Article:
If you go outside the pharmacy network to purchase a generic or brand-name prescription, you pay the deductible and coinsurance. The plan pays only the amount it would pay if you bought the medication at a member pharmacy.
Mental Health Care
Mental illnesses are brain disorders that frequently make coping with life’s daily tasks difficult. Mental illnesses may affect thinking, emotions, moods, and a person’s ability to relate to other people.
Many health insurance plans provide some mental health coverage for psychological services that mental health practitioners, such as psychiatrists and licensed clinical social workers, provide. Coverage varies greatly from plan to plan. Some plans offer a fixed dollar amount for mental health services for each day of a hospital stay and limit the number of days covered. For outpatient services, plans may pay a fixed amount for each visit and limit the number of visits they cover for each year. With just a few examples, Table 6-1 shows how widely mental health insurance coverage can vary.
Table 6-1: Examples of Mental Health Insurance Coverage in Three HMOs
HMO 1 HMO 2 HMO 3
Inpatient Covered at $50 per day. $240 per admission.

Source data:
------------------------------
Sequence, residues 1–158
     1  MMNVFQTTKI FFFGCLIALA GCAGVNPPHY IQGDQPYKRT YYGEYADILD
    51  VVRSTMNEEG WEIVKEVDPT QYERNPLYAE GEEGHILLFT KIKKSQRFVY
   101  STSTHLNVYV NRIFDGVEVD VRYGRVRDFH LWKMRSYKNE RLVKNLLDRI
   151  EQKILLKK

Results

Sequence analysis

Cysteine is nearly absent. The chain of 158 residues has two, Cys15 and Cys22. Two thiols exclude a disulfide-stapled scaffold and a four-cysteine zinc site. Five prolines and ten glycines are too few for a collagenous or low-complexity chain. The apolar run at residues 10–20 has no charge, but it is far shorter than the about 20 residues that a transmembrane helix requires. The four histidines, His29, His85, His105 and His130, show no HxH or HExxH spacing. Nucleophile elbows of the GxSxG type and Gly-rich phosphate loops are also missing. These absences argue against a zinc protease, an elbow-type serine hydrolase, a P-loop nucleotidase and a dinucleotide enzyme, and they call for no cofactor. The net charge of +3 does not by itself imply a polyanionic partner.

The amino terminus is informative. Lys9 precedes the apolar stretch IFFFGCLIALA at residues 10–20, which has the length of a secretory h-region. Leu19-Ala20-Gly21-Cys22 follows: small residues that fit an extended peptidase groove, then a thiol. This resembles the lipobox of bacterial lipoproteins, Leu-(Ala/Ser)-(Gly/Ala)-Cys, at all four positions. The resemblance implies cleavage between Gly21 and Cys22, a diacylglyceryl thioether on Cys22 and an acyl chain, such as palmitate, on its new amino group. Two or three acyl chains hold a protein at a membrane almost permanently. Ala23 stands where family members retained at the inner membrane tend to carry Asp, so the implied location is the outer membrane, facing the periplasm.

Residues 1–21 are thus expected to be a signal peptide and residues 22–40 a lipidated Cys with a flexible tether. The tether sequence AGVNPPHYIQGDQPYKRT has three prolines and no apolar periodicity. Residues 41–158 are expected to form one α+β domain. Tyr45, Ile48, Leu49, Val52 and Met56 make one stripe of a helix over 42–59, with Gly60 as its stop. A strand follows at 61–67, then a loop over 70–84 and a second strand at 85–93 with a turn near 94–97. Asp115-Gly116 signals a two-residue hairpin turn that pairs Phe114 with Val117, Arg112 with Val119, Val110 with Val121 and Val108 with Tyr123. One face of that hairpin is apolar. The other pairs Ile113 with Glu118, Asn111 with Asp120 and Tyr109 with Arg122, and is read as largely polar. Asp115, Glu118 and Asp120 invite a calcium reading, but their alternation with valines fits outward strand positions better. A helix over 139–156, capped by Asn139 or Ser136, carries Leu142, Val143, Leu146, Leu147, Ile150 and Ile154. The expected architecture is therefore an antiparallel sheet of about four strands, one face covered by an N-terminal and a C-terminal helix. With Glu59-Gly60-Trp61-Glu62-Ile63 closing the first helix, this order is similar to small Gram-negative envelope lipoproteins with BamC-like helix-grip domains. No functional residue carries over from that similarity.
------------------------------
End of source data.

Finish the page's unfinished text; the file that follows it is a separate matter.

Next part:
services 100%. Limit Limit of 15 Limit of 30 days
of 45 days days per year. per year.
per year. No lifetime Detoxification
maximum. days do not count
toward inpatient rehabilitation days.
Table 6-1: Examples of Mental Health Insurance Coverage in Three HMOs (continued)
HMO 1 HMO 2 HMO 3
Outpatient $20 (individual) $20 (individual) $10 per visit.
services or $10 (group) or $10 (group) Limit of 60 visits
per visit. Limit per visit. Limit per year.
of 20 visits of 30 visits
per year. per year.
No lifetime maximum.
The Mental Health Parity Act (MHPA) of 1996 went into effect in January 1998. This law requires that the annual and lifetime benefit limits for mental illnesses be equal to the annual and lifetime benefit limits that health insurance plans offer for other illnesses and injuries. The requirements of this act don’t apply to employers with fewer than 51 employees or to a group health plan whose costs increase 1 percent or more as a result of implementing MHPA’s requirements.
Some states have passed their own, stricter parity (equality) laws for mental health coverage. The Consumer Insurance Guide, www.insure. com/health, describes each state’s mental illness parity laws.
Hospital Indemnity Insurance
Hospital indemnity insurance pays a specified daily, weekly, or monthly amount to an insured person during a hospital stay. You choose the amount of coverage when you buy the plan, so the money you receive isn’t based on the actual cost of the hospitalization. You can spend the amount you receive in any way you choose.